Verse > John Donne > The Poems of John Donne
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John Donne (1572–1631).  The Poems of John Donne.  1896.
 
Appendix A. Doubtful Poems
Love’s War
 
TILL I have peace with thee, war other men,
And when I have peace, can I leave thee then?
All other wars are scrupulous; only thou
O free 1 fair city, mayst thyself allow
To any one. In Flanders, who can tell        5
Whether the master press, or men rebel?
Only we know, that which most idiots 2 say,
They must bear blows which come 3 to part the fray.
France in her lunatic giddiness did hate 4
Ever our men, yea, and our God, of late;        10
Yet she relies upon our angels well,
Which ne’er return, no more than they which fell.
Sick Ireland is with a strange 5 war possest,
Like to an ague, now raging, now at rest,
Which time will cure; yet it must do her good        15
If she were purg’d, and her head-vein 6 let blood;
And Midas joys our Spanish journeys give;
We touch all gold, 7 but find no food to live;
And I should be in that hot 8 parching clime
To dust and ashes turned before my time.        20
To mew me in a ship is to enthral
Me in a prison that were like to fall;
Or in a cloister, save that there men dwell
In a calm heaven, here in a swaying 9 hell.
Long voyages are long consumptions,        25
And ships are carts for executions; 10
Yea, they are deaths; is ’t not all one 11 to fly
Into another world, as ’tis to die?
Here let me war; in these arms let me lie:
Here let me parley, batter, bleed, and die. 12        30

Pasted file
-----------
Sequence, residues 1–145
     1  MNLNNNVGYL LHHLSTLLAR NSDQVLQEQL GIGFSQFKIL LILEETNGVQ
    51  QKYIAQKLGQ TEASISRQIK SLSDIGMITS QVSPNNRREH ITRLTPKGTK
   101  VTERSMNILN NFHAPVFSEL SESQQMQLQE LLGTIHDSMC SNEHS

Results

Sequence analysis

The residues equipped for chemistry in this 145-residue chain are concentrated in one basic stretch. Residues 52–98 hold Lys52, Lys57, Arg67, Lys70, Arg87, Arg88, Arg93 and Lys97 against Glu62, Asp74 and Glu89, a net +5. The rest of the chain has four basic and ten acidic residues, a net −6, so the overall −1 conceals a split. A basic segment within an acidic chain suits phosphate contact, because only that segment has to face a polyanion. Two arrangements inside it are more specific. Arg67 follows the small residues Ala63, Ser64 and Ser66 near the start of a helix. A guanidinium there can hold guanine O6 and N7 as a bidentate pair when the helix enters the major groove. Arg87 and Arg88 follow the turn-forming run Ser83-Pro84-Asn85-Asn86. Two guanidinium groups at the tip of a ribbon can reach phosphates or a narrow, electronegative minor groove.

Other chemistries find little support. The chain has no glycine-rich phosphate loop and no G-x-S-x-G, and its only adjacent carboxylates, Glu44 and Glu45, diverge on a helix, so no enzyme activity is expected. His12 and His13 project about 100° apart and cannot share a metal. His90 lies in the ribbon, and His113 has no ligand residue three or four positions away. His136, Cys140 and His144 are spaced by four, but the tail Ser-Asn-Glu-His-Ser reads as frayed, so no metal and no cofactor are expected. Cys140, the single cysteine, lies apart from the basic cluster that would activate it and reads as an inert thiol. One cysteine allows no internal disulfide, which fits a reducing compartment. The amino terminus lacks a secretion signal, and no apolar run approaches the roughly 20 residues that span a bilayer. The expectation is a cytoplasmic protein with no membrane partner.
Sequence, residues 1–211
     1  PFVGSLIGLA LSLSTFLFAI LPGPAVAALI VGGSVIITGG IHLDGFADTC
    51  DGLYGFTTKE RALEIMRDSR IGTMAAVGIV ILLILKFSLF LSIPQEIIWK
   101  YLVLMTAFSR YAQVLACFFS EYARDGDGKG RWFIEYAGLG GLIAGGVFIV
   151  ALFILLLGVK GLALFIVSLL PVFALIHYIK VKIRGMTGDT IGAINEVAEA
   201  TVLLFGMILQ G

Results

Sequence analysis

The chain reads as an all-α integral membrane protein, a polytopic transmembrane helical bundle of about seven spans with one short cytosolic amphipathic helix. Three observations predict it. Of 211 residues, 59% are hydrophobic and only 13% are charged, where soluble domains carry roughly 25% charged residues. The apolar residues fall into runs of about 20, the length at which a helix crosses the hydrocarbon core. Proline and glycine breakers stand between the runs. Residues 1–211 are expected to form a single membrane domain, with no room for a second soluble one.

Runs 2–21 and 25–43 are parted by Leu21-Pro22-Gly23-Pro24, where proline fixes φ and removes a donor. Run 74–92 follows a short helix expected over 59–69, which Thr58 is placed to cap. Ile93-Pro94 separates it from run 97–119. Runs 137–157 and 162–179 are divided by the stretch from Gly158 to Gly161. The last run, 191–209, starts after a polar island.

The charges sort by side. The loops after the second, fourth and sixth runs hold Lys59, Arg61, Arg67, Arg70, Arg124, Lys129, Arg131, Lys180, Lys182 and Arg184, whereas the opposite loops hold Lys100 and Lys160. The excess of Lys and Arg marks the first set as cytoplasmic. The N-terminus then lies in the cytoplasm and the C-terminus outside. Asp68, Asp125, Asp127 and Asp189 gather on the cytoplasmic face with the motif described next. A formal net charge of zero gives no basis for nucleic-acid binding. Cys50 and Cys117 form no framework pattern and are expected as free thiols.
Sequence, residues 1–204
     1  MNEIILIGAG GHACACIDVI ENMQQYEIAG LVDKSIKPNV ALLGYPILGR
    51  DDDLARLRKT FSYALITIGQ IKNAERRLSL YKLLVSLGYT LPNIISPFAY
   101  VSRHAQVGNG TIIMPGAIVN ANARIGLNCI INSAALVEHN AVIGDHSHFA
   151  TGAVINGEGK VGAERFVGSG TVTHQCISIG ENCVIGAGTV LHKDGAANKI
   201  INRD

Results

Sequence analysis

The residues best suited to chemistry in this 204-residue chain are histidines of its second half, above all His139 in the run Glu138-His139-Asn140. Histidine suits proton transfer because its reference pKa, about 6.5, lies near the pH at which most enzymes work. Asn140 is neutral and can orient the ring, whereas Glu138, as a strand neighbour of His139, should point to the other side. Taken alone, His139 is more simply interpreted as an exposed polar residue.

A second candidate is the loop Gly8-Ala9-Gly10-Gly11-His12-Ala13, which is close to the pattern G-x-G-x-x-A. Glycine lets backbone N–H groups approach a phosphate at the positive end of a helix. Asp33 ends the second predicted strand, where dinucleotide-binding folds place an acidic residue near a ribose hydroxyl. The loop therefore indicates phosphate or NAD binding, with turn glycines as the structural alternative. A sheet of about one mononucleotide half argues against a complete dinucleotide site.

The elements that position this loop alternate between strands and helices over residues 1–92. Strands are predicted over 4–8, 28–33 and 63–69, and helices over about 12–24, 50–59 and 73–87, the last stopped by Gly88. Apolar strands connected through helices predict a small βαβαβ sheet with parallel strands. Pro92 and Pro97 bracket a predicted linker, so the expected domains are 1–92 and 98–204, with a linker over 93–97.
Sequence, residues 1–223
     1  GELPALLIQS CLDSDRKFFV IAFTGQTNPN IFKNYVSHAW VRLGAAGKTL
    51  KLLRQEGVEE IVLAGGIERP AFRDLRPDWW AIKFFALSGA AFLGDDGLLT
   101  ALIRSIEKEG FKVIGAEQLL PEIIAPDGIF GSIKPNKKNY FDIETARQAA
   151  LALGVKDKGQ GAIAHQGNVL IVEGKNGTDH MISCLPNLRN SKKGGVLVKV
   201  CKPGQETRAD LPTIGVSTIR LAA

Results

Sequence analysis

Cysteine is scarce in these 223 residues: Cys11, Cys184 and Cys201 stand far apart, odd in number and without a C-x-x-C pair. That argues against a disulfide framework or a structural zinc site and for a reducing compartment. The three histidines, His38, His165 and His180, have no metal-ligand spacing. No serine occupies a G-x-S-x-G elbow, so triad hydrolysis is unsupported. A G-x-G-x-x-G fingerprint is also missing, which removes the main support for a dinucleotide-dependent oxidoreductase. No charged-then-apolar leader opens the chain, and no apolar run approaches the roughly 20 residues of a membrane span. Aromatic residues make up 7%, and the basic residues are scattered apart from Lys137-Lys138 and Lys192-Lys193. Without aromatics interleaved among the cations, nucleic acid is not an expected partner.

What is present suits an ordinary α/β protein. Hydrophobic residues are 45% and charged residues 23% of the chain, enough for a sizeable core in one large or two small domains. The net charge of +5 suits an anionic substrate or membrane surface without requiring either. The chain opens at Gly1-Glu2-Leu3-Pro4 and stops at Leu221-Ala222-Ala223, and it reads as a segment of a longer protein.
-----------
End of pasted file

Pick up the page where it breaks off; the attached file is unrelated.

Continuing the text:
Thine arms imprison me, and my arms thee;
Thy heart thy ransom is; take mine for me.
Other men war, that they their rest may gain,
But we will rest that we may fight again.
Those wars th’ ignorant, these th’ experienced love;        35
There we are always under, here above.
There 13 engines far off breed a just true fear;
Near thrusts, pikes, stabs, yea, bullets, hurt not here.
There lies are wrongs; here safe uprightly lie. 14
There men kill men; we’ll make one by and by.        40
Thou nothing, I not half so much shall do 15
In those wars, 16 as they may which from us two
Shall spring. Thousands we see which travel not
To war, but stay, swords, arms, and shot
To make at home; and shall not I do 17 then        45
More glorious service, staying to make men?
 
Note 1. l. 4. St. MS. A free [back]
Note 2. l. 7. Sim. St. MS. all idiots [back]
Note 3. l. 8. Sim. who come; St. MS. that come [back]
Note 4. l. 9. So St. MS.; Wald, giddinge, Sim. guidings. [back]
Note 5. l. 13. Sim. straying [back]
Note 6. l. 16. Sim. dead vein [back]
Note 7. l. 18. St. MS. find all gold [back]
Note 8. l. 19. St. MS. the hot [back]
Note 9. l. 24. Wald. Sim. swaggering; St. MS. swayring [back]
Note 10. l. 26. Wald. omits this line. [back]
Note 11. l. 27. St. MS. It is all one [back]
Note 12. l. 30. St. MS. better bleed than die [back]
Note 13. l. 37. Sim. These; St. MS. Their [back]
Note 14. l. 39. So Sim. St. MS. [back]
Note 15. l. 41. St. MS. to do [back]
Note 16. l. 42. Sim. St. MS. these wars [back]
Note 17. l. 45. Sim. we do [back]
 
 
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